Marshall v. Hendricks

Decision Date08 April 2004
Docket NumberCivil Action No. 97-5618 (JEI).
Citation313 F.Supp.2d 423
PartiesRobert O. MARSHALL, Petitioner, v. Roy HENDRICKS, Superintendent, New Jersey State Prison, and John J. Farmer, Attorney General of New Jersey, Respondents.
CourtU.S. District Court — District of New Jersey

Stephen Kirsch, Esq., Deputy Public Defender, Joseph E. Krakora, Esq., Office of the Public Defender, Trenton, NJ, for Petitioner.

Robert E. Bonpietro, Esq., Deputy Attorney General, Trenton, NJ, Robert B. Leaman, Esq., Supervising Deputy Attorney General, Whippany, NJ, for Respondents.

OPINION

IRENAS, Senior District Judge.

Currently before the Court is Petitioner's application for writ of habeas corpus filed pursuant to 28 U.S.C. § 2254. The application comes to the Court on remand from the United States Court of Appeals for the Third Circuit as to the sole issue of whether Petitioner's counsel was constitutionally effective at the sentencing phase of Petitioner's capital murder trial. After holding an evidentiary hearing on Petitioner's claim, we find that counsel was not effective and grant Petitioner's application for writ of habeas corpus.

I.

The procedural history of this case is extensively discussed in previous decisions of both this Court and the United States Court of Appeals for the Third Circuit. See Marshall v. Hendricks, 307 F.3d 36 (3d Cir.2002) ("Marshall V"); Marshall v. Hendricks, 103 F.Supp.2d 749 (D.N.J.2000)("Marshall IV").1 Therefore, we will avoid an exhaustive recital of the procedural history and provide only a brief summary in order to put the current matter in context and to include the most recent proceedings. On May 5, 1986, Robert O. Marshall ("Marshall" or "Petitioner") was convicted in New Jersey state court of murder and conspiring to murder his wife, Maria Marshall, and was sentenced to death by lethal injection. Marshall IV, 103 F.Supp. at 757. Marshall's direct appeals at the state level were unsuccessful and, on October 30, 1997, he filed a petition for writ of habeas corpus pursuant to 28 U.S.C. § 2254 with this Court.2 Marshall's twenty-two count petition included claims of ineffective assistance of counsel at both the guilt and sentencing phase of his trial as well as requests for discovery and evidentiary hearings to explore those claims. On June 23, 2000, this Court, relying on the state court record and without holding separate evidentiary hearings, denied Marshall's application in its entirety. Id. Marshall then appealed to the Third Circuit.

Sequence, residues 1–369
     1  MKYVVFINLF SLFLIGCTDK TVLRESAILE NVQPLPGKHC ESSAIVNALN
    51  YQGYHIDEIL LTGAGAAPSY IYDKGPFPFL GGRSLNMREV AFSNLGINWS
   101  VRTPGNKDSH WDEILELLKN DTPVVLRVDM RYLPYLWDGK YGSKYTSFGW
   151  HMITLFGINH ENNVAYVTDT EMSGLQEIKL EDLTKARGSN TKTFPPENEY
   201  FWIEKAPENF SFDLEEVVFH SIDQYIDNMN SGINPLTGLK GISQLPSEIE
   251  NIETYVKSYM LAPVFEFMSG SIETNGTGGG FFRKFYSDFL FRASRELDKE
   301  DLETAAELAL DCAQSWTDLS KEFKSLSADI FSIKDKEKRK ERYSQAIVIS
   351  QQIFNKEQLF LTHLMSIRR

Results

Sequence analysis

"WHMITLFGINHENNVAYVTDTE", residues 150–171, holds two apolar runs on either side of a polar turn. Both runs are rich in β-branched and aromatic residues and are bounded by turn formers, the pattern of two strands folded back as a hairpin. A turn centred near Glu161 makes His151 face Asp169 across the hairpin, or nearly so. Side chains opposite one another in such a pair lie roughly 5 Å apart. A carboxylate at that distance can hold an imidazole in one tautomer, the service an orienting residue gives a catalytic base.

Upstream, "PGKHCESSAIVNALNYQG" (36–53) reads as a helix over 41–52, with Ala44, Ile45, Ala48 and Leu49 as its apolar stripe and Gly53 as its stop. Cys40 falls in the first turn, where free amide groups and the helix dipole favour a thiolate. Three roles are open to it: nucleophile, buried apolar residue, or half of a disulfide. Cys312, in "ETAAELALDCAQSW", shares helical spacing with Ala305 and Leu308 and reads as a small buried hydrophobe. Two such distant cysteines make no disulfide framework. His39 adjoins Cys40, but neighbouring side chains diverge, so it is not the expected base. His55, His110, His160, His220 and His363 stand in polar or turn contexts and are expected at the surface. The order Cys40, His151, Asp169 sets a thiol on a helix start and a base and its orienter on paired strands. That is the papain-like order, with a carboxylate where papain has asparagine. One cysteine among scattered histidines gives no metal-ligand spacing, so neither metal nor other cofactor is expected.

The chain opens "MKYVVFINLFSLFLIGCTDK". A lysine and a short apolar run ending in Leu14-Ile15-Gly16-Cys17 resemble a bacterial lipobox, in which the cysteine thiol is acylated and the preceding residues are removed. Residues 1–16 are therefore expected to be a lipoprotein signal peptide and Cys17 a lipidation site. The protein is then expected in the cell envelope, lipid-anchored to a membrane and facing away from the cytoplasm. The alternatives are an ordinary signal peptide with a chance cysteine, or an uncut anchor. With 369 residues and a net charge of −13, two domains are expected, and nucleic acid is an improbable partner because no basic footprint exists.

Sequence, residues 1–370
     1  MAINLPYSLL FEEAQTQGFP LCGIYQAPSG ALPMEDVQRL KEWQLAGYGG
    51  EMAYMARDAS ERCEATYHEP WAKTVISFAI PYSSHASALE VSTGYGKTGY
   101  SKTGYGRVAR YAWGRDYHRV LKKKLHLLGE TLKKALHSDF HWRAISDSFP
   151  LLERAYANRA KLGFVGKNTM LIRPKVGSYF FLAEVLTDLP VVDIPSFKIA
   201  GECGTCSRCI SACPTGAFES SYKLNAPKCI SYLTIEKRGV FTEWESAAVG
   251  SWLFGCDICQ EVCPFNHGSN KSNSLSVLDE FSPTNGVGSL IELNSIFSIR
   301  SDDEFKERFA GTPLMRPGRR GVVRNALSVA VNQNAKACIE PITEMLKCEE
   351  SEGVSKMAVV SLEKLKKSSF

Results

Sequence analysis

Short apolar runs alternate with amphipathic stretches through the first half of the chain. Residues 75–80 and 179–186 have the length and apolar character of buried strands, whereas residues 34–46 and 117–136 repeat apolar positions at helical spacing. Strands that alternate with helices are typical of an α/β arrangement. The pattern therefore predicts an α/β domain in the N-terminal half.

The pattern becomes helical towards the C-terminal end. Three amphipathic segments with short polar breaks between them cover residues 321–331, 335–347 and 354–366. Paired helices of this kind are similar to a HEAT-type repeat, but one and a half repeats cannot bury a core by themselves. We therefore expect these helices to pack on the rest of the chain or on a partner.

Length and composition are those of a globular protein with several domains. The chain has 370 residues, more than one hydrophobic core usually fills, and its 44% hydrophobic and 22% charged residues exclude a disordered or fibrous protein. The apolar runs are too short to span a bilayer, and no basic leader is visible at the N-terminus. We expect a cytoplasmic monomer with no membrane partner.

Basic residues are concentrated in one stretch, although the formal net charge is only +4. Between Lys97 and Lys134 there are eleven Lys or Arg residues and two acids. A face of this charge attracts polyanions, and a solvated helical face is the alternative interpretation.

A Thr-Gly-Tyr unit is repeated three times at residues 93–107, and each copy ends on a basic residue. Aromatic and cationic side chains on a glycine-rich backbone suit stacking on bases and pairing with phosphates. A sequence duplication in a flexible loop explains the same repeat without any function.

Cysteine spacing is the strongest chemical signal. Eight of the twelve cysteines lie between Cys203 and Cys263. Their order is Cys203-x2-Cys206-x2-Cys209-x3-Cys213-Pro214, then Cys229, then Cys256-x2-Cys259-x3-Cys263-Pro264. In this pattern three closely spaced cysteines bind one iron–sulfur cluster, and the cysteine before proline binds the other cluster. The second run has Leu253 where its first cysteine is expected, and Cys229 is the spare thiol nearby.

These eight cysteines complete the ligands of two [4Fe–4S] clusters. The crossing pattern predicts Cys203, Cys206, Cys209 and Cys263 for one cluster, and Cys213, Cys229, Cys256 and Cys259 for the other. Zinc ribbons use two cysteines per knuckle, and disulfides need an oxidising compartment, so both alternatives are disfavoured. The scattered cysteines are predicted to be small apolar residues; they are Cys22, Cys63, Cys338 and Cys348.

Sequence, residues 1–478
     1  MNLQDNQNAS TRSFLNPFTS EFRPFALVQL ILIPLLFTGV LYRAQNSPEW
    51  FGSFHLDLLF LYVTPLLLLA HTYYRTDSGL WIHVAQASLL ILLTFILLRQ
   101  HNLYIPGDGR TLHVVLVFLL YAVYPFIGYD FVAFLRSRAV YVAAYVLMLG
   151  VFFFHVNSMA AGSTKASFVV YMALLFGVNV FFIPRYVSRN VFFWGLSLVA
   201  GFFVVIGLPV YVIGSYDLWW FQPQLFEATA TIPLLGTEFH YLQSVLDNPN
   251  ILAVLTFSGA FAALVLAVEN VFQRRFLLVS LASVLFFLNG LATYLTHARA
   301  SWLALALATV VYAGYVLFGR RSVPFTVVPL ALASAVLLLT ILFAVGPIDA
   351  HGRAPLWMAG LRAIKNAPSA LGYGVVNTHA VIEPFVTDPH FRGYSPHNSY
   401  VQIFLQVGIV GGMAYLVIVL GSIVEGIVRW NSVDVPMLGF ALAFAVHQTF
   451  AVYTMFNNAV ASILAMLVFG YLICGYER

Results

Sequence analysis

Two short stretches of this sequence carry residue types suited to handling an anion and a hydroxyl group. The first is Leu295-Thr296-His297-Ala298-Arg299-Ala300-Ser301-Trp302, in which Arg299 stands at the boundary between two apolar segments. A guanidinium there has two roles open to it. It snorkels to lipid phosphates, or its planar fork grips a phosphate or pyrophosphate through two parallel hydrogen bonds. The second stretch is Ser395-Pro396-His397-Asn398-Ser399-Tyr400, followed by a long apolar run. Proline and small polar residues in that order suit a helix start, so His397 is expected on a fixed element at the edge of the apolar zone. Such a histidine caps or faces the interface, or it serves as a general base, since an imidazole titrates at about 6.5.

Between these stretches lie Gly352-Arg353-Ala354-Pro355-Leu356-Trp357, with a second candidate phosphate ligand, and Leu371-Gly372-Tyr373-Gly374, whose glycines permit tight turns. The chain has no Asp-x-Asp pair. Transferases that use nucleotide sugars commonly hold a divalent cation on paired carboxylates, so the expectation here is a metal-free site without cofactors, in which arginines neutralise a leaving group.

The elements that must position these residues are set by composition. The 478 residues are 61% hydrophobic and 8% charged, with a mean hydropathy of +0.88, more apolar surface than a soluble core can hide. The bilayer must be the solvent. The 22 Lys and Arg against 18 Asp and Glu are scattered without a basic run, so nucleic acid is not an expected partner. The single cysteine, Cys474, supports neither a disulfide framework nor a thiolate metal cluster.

On September 11, 2002, the Third Circuit affirmed this Court's denial of Marshall's application for writ of habeas corpus as to all issues except Marshall's claim of ineffective assistance of counsel during the sentencing phase of his trial. On that issue, the Third Circuit reversed and remanded, concluding that a determination of counsel's effectiveness at sentencing was impossible "without conducting an evidentiary hearing." Marshall V, 307 F.3d at 117. Pursuant to the Third Circuit's remand, this Court held an evidentiary hearing in September 2003, and heard final oral arguments on January 30, 2004, to determine the merit of Petitioner's claim that his counsel failed at every level to investigate, prepare, present, and argue a mitigation case during the penalty phase of his trial. See Br. Supp. Pet'r Robert O. Marshall's Pet. Writ Habeas Corpus at 51 [hereinafter Pet'r Br.].

II.

As with the procedural history, the facts of this case have been thoroughly discussed in prior court decisions, see Marshall V, 307 F.3d at 44-48; Marshall IV, 103 F.Supp.2d at 758-59; State v. Marshall, 148 N.J. 89, 690 A.2d 1, 23-25 (1997) ("Marshall III"); State v. Marshall, 123 N.J. 1, 586 A.2d 85, 97-114 (1991) ("Marshall I"), therefore, the Court will relate only those facts relevant and necessary to the disposition of Petitioner's claim of ineffective assistance of counsel at the penalty phase.

On the morning of March 5, 1986, after a month-long trial, Robert Marshall was convicted of murder and conspiracy to commit murder in Superior Court of New Jersey, Criminal Division, Atlantic County for hiring someone to murder his wife, Maria.3 Marshall IV, 103 F.Supp. at 757. Marshall was represented by Glenn Zeitz, a private attorney with experience defending capital cases. Tr. Sept. 3, 2003, Test. of Glenn Zeitz at 134, l. 9-22; Tr. Sept. 4, 2003, Test. of Glenn Zeitz at 4-5.4